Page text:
The Class of ‘92 (Benjamin Turner, Gabe Turner, UK, 2013)

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The Class of 92

For the few who might not know, The Class of ’92 was a group of kids who loved football, were recruited by Manchester United at an early age, rose up the ranks of the youth teams, and finally made the first team. In 1992, David Beckham, Nicky Butt, Ryan Giggs and Gary Neville won the FA Youth Cup. Paul Scholes was an FA Youth Cup finalist in 1993 and Phil Neville, Gary’s brother, captained the team to the FA Youth Cup in 1995. Collectively they’re referred to in this film as the Class of ’92 that went on to win the Double (FA Cup and the League Title) in 1996 and the Treble (the double plus the Champions League ) in 1999. The central narrative is to prove how wrong Alan Hansen was when he asserted that ‘You can’t win anything  with kids’ and to show what good friends these kids were and continue to be.

 

The film is an unabashed exercise in nostalgia and mythmaking. Tony Blair appears to praise the achievements of the players but also to big up the Blair Years in which those achievements took place. Danny Boyle who know a thing or two about legends, iconicity and the mobilizing of imagery into myth-making, speaks here about what Man U meant to his family and what the success of the club meant to the city. Mani of The Stone Roses and Primal Scream waxes nostalgic about Manchester in those times and lyrical about the players’ achievements. It’s like mixing Louis VIX’s search for ‘la gloire’ with some ‘I was born in a schack’ US narrative of success brought about by will and work and discipline.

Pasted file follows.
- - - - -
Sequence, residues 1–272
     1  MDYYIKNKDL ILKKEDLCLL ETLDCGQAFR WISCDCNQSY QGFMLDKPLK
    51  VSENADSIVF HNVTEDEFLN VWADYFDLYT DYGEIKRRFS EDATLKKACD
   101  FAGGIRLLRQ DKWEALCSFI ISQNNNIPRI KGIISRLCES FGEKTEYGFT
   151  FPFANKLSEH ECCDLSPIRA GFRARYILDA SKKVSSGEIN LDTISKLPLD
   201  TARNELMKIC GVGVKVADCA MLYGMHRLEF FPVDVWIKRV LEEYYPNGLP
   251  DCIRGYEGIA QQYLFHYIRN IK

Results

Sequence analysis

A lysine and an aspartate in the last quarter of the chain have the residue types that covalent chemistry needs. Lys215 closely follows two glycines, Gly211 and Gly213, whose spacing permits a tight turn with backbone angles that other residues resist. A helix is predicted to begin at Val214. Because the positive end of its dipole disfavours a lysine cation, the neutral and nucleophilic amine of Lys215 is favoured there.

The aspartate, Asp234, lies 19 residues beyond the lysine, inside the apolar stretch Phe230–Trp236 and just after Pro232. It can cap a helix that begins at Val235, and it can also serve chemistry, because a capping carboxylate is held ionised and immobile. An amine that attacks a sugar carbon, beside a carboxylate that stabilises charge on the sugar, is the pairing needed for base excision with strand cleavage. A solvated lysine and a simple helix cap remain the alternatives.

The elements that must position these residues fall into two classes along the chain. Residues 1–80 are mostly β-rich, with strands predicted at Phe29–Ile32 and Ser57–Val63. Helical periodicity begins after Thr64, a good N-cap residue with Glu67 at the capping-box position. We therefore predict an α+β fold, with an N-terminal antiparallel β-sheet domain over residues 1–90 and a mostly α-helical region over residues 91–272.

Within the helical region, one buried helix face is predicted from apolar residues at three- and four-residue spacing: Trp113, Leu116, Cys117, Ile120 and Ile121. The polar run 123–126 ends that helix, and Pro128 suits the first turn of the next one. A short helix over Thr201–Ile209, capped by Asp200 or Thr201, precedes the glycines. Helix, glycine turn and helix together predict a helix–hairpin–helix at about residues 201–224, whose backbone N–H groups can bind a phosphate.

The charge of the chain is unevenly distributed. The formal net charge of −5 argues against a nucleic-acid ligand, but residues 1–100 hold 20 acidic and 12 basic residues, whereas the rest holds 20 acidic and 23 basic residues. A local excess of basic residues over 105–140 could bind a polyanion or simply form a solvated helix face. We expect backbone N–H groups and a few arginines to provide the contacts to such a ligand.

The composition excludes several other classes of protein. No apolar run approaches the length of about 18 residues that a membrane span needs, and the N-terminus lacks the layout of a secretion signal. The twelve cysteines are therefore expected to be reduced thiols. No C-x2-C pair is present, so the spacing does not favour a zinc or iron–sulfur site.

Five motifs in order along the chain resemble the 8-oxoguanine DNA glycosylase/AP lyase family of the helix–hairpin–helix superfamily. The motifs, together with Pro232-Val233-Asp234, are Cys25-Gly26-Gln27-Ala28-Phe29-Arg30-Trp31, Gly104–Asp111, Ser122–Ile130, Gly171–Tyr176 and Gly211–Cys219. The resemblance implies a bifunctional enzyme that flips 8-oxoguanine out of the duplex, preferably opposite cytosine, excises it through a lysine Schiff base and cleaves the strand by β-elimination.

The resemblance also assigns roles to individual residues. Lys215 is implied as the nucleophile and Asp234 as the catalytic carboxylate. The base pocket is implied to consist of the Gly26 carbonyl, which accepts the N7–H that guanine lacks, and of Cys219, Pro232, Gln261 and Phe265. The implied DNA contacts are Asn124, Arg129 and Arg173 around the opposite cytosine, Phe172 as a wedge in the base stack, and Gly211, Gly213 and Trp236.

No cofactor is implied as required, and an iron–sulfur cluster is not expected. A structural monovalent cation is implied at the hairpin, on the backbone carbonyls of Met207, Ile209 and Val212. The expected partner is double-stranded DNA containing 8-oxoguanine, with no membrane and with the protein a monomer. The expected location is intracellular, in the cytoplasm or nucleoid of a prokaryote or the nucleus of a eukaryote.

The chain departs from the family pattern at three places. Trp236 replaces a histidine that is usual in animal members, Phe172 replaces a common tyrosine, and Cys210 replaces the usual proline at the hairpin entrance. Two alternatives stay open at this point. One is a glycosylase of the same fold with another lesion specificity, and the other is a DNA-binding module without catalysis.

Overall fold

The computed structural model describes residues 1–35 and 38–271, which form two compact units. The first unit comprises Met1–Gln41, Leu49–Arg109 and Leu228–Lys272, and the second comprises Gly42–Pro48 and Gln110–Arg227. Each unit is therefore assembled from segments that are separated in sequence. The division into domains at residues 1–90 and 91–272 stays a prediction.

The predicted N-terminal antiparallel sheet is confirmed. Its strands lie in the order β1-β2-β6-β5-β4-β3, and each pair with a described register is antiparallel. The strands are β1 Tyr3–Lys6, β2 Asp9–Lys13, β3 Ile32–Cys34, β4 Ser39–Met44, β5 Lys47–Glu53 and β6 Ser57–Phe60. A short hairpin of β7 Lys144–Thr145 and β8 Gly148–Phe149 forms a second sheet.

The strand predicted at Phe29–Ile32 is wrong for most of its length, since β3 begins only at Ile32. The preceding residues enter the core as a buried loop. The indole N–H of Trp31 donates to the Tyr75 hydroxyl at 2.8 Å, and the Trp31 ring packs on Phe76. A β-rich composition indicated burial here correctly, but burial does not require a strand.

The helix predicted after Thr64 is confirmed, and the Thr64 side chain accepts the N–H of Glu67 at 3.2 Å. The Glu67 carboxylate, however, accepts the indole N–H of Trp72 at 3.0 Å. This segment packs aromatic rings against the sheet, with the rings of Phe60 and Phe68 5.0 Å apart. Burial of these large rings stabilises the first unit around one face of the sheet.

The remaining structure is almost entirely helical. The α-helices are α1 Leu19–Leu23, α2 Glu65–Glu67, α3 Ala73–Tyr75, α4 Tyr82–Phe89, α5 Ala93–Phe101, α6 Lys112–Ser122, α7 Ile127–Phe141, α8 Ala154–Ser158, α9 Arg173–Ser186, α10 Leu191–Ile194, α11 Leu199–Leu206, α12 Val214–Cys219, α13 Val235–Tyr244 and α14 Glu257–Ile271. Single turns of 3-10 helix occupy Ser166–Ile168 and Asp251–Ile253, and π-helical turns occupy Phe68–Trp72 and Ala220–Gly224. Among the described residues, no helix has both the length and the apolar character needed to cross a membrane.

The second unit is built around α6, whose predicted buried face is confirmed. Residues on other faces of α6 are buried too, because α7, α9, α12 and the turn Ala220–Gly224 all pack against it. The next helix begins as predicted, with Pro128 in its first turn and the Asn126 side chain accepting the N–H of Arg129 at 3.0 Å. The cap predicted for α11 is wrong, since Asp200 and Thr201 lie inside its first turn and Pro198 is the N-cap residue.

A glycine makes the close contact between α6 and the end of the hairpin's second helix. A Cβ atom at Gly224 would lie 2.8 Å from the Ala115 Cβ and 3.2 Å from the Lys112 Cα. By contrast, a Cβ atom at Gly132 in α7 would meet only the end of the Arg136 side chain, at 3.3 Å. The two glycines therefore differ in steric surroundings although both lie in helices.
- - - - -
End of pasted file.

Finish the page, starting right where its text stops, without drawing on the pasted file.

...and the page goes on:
As a movie, it’s not much. As an analysis, it’s pretty basic – we don’t understand anything any better than we did at the beginning of the film. Plus I’m pretty sick of all the bloody nostalgia for the ‘Hacienda’ days which to me is just old men kidding themselves that their youth was better than anybody else’s. However, it’s a very enjoyable watch for football fans. These icons speak to each other like the friends they are and seem human and knowable in their interactions.  Moreover, we get to see some of the great moments in football of the last two decades and get the perspective of those who created them. Cantona, who’s now acting in movies, appears in order to praise. Zinédine Zidane, more glamorous and charismatic than all the rest of them put together, also pops up to eulogize. As a movie, it’s something one might have expected Sky Sports to quickly paste up for endless replay. But it must be said that the reason these types of films re-play is because we simply can’t get enough of them.

 

Zidane on Paul Scholes
Zidane on Paul Scholes

José Arroyo

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